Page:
70,000 German engineering workers go on strike, demand fair pay rise (PHOTOS, VIDEO)

Employees of Mercedes Benz and members of German metal workers union IG Metall (IGM) hold protest banners as they walk out from their day shift in a warning strike at the Mercedes Benz factory in Sindelfingen January 29, 2015. (Reuters/Kai Pfaffenbach)
Some 70,000 German workers representing some 300 engineering firms have gone on “warning” strikes, demanding higher pay rises than their employers can offer. In a separate strike, security staff walked out of two German airports, causing travel chaos.

The biggest German trade union, IG Metall – which represents 3.7 million workers – said that up to 70,000 engineers working mainly for BMW, Daimler, and automotive supplier Schaeffler staged a strike after rejecting their employers’ offer of a 2.2 percent pay rise for 2015, beginning March 1.

Instead, the union is demanding a 5.5 percent rise, citing Germany’s solid economic growth. IG Metall warned that more workers will strike if its demands are not met.

On Thursday, the German labor office announced that unemployment in January fell to its lowest since reunification. The announcement came just one day after the government raised the country's 2015 economic growth forecast from 1.3 to 1.5 percent.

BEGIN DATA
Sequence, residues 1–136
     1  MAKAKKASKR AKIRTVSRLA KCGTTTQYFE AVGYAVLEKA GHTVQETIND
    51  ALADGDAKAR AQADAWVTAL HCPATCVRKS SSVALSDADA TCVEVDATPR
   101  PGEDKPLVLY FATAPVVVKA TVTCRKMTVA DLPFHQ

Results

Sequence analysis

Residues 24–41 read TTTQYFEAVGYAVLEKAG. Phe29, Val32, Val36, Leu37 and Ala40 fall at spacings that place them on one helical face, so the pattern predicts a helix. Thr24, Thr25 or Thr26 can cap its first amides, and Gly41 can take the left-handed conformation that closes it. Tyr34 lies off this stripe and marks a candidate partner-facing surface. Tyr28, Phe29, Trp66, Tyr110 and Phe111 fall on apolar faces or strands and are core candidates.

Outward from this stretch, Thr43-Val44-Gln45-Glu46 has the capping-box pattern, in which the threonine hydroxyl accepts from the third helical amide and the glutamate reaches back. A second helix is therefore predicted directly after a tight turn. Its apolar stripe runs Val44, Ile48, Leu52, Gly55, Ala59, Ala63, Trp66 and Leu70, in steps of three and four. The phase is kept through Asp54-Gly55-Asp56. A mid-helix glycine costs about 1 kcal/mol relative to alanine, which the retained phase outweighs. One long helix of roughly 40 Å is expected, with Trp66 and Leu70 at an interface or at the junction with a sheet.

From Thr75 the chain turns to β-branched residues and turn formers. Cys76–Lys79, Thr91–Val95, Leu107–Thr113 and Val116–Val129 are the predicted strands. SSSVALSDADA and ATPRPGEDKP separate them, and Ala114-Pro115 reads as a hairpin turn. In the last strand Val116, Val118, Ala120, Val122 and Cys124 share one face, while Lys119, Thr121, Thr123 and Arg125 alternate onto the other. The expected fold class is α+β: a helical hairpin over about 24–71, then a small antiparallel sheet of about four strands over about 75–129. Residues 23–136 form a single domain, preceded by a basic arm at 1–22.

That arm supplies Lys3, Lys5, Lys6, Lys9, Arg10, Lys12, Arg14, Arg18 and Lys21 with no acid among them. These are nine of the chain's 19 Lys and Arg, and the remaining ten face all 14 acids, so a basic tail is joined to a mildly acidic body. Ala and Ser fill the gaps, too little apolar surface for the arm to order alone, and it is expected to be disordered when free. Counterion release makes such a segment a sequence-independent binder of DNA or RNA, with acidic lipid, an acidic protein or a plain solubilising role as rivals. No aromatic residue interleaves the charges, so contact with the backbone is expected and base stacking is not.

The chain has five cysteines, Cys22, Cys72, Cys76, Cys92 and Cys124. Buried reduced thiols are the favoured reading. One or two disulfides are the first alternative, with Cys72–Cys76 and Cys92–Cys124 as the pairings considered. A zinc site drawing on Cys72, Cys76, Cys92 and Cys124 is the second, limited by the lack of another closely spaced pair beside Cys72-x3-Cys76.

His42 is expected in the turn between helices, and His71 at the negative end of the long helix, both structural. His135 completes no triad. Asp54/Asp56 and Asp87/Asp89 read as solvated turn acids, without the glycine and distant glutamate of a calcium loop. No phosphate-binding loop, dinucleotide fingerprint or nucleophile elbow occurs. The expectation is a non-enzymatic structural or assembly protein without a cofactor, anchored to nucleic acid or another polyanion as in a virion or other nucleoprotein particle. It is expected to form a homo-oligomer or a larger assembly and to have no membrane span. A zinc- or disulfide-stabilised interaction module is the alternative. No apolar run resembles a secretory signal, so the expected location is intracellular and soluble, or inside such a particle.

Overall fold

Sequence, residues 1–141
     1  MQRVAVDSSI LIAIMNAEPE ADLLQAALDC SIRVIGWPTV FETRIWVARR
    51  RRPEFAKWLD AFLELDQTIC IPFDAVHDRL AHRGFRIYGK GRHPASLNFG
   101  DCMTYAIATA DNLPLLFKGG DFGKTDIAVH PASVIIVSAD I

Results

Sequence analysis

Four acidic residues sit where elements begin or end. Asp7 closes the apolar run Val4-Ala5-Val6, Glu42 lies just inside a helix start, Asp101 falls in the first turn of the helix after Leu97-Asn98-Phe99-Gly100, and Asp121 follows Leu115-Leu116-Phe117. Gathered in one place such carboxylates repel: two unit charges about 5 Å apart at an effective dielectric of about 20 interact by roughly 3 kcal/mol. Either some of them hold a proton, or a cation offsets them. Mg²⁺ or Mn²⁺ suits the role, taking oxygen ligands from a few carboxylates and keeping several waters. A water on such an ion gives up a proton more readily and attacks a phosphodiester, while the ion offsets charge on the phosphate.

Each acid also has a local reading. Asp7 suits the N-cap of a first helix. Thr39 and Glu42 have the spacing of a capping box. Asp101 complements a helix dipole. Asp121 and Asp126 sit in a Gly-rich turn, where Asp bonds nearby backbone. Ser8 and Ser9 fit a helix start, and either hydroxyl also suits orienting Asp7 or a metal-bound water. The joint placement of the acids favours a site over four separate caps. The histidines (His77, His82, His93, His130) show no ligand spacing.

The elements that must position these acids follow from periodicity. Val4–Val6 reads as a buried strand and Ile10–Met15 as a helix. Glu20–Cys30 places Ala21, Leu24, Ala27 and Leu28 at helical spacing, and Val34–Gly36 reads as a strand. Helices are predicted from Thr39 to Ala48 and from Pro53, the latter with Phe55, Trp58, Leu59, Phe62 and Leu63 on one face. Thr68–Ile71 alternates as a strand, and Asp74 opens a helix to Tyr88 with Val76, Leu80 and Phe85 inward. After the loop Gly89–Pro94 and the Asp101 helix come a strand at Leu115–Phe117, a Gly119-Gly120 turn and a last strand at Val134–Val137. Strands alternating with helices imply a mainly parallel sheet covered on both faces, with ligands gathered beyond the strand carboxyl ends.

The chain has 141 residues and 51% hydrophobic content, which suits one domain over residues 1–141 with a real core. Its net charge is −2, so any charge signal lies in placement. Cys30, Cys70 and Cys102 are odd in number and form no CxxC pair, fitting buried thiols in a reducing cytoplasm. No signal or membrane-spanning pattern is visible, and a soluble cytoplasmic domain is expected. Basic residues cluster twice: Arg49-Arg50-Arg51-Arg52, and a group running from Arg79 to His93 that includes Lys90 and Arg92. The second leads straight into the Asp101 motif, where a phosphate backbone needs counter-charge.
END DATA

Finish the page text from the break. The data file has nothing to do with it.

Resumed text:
“The next days are going to be hot,” IG Metall said in a statement, adding that Baden-Wuerttemberg and Rhine-Westphalia are the most affected regions.

“The strong participation in the strikes shows what the workers think of the proposal” of their employers, IG Metall vice president Joerg Hofmann said.

While workers stand their ground, wage negotiations are scheduled to continue next week in North Rhine-Westphalia, and in Baden-Wuerttemberg in two weeks.

Meanwhile, security personnel at Dusseldorf and Cologne-Bonn airports have gone on strike after failing to achieve a pay rise following three rounds of negotiations with the Verdi trade union. As a result, hundreds of flights have been canceled. Dusseldorf cancelled 205 of its 530 flights. At Cologne-Bonn airport, 40 flights were canceled out of 190 scheduled take-offs and departures.

Employers have so far rejected the union’s demand for pay rises of between €1.50 (US$1.70) and €2.50 ($2.83) an hour for the private security workers.